Congressional Roundup: Gallego Closely Defeats Canseco

Pete Gallego makes his acceptance speech accompanied by his wife, Maria Elena and son, Nicolas, 8,  during the district 23 victory party at Don Pedro Mexican Restaurant in south San Antonio, Tuesday, November 6, 2012.
Pete Gallego makes his acceptance speech accompanied by his wife, Maria Elena and son, Nicolas, 8, during the district 23 victory party at Don Pedro Mexican Restaurant in south San Antonio, Tuesday, November 6, 2012.

In the state's closest — and most expensive — congressional race, Democratic challenger state Rep. Pete Gallego ousted incumbent Republican U.S. Rep. Francisco “Quico” Canseco in Congressional District 23. He’s one of eight new faces in the 36-member Texas congressional delegation.

"As a kid who grew up in a small town of 6,000 people, having the opportunity to represent 700,000 people in Congress is truly unbelievable," Gallego said in a statement. "This campaign has already been a long journey, but now the real work begins. It's time to get to work so that all families can have a shot at the American dream, not just a privileged few."

Riding the Republican wave in 2010, Canseco turned the previously blue CD-23 red when he defeated Democratic incumbent Ciro Rodriguez. This time, outside political groups took an interest in the race — deemed a bellwether for Republicans trying to attract Hispanic voters — and funneled nearly $6.5 million into the district, according to the nonpartisan Sunlight Foundation. Groups opposing Canseco spent the majority of that money, $4.2 million.

Canseco's campaign had not conceded late Tuesday. "Until all counties have properly and legally counted all ballots, this race is not over," said Scott Yeldell, Canseco's campaign manager.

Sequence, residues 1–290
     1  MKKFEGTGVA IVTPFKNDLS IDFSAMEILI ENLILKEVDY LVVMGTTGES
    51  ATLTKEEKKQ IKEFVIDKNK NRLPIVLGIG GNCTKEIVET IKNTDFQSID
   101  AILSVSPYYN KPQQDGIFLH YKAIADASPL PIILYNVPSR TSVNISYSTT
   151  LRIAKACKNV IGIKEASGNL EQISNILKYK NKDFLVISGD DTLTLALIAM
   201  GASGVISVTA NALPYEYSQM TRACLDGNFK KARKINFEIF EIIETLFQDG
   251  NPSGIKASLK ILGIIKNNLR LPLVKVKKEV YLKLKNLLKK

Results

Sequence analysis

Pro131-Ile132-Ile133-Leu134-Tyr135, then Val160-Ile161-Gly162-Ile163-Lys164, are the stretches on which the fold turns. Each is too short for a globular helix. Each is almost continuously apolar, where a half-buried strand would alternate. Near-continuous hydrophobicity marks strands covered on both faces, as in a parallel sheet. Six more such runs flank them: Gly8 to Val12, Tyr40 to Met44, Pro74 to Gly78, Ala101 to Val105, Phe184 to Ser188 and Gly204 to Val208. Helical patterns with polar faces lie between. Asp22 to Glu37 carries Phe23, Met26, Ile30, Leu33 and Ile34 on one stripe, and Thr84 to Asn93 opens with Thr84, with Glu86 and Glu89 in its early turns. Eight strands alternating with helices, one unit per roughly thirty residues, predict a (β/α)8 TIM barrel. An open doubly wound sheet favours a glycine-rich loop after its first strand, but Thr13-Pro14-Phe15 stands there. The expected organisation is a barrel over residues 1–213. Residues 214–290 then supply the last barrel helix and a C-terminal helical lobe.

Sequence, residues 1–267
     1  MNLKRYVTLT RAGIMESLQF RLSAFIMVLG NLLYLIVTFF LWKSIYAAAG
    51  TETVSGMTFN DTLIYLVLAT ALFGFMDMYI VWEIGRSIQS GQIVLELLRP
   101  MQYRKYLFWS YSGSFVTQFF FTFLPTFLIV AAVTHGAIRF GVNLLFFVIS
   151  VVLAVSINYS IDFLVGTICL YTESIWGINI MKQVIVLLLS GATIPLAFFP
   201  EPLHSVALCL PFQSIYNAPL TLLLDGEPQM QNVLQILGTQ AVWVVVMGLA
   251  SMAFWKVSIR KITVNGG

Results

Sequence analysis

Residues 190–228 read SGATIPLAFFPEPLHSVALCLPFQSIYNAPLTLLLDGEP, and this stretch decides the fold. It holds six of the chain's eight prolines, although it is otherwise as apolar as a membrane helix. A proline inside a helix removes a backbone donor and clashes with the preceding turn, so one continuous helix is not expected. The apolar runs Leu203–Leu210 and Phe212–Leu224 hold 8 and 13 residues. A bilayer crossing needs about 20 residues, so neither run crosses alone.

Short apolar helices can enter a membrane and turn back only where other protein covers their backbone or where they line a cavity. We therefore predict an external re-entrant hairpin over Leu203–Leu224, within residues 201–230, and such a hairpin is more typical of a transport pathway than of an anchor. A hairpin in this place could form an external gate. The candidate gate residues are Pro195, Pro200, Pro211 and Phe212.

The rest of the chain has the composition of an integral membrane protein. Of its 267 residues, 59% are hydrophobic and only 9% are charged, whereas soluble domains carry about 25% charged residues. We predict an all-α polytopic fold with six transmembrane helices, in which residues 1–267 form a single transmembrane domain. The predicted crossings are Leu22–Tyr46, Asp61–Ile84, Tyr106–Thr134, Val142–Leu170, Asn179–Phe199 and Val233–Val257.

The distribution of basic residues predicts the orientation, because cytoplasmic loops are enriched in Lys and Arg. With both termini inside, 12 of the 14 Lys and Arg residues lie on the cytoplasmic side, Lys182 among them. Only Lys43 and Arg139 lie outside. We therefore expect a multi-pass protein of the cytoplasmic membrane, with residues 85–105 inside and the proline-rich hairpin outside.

The largest congressional district in Texas, CD-23 stretches from El Paso to San Antonio. Although Canseco had an advantage in San Antonio, his home turf, Gallego, who hails from Alpine, had greater support from El Paso and other western reaches of the sprawling district.

In CD-14, the seat long held by U.S. Rep. Ron Paul, R-Lake Jackson, who decided not to run for re-election, remains in Republican control. State Rep. Randy Weber, R-Pearland, pulled out a win over Democrat and former Congressman Nick Lampson in the closely watched race.

After calling Weber to concede, Lampson addressed his supporters and acknowledged that it had been a “tough campaign.” He kept the door open for future service, saying, “I have dedicated my life to public service, and I have always tried to be there for the people and communities that I represent. And while this may not be the end of the story, it is the end of a chapter.”

In addition to Gallego and Weber, there will be six other new faces in the Texas congressional delegation. Two Republicans, Roger Williams and Steve Stockman, and two Democrats, Marc Veasey and Filemon Vela, will fill four new seats. Former state Rep. Joaquin Castro, D-San Antonio, will take the seat vacated by retiring Democratic U.S. Rep. Charlie Gonzalez in CD-20. And Democrat Beto O’Rourke will replace U.S. Rep. Silvestre Reyes, D-El Paso, whom he beat in the primary, in CD-16. 

While not a new face, longtime U.S. Rep. Lloyd Doggett, D-Austin, will be representing a new district. He was moved from CD-25 to the newly created CD-35 after the state's political maps were redrawn in the redistricting process.

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